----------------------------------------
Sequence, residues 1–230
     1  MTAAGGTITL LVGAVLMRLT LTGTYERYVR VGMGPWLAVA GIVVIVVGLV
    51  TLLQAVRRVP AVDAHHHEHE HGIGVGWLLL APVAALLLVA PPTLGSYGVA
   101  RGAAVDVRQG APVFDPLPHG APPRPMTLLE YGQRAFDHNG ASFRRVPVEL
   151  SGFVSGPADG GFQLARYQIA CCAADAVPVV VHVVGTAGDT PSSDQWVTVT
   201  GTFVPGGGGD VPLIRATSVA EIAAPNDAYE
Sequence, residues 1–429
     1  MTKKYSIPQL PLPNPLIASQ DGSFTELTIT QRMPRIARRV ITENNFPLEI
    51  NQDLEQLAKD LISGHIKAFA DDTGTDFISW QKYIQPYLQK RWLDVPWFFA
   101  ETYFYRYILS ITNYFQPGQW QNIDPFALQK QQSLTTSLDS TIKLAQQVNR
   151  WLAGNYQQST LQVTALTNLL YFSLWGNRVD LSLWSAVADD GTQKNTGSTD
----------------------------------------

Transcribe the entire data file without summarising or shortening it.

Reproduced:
Sequence, residues 1–230
     1  MTAAGGTITL LVGAVLMRLT LTGTYERYVR VGMGPWLAVA GIVVIVVGLV
    51  TLLQAVRRVP AVDAHHHEHE HGIGVGWLLL APVAALLLVA PPTLGSYGVA
   101  RGAAVDVRQG APVFDPLPHG APPRPMTLLE YGQRAFDHNG ASFRRVPVEL
   151  SGFVSGPADG GFQLARYQIA CCAADAVPVV VHVVGTAGDT PSSDQWVTVT
   201  GTFVPGGGGD VPLIRATSVA EIAAPNDAYE
Sequence, residues 1–429
     1  MTKKYSIPQL PLPNPLIASQ DGSFTELTIT QRMPRIARRV ITENNFPLEI
    51  NQDLEQLAKD LISGHIKAFA DDTGTDFISW QKYIQPYLQK RWLDVPWFFA
   101  ETYFYRYILS ITNYFQPGQW QNIDPFALQK QQSLTTSLDS TIKLAQQVNR
   151  WLAGNYQQST LQVTALTNLL YFSLWGNRVD LSLWSAVADD GTQKNTGSTD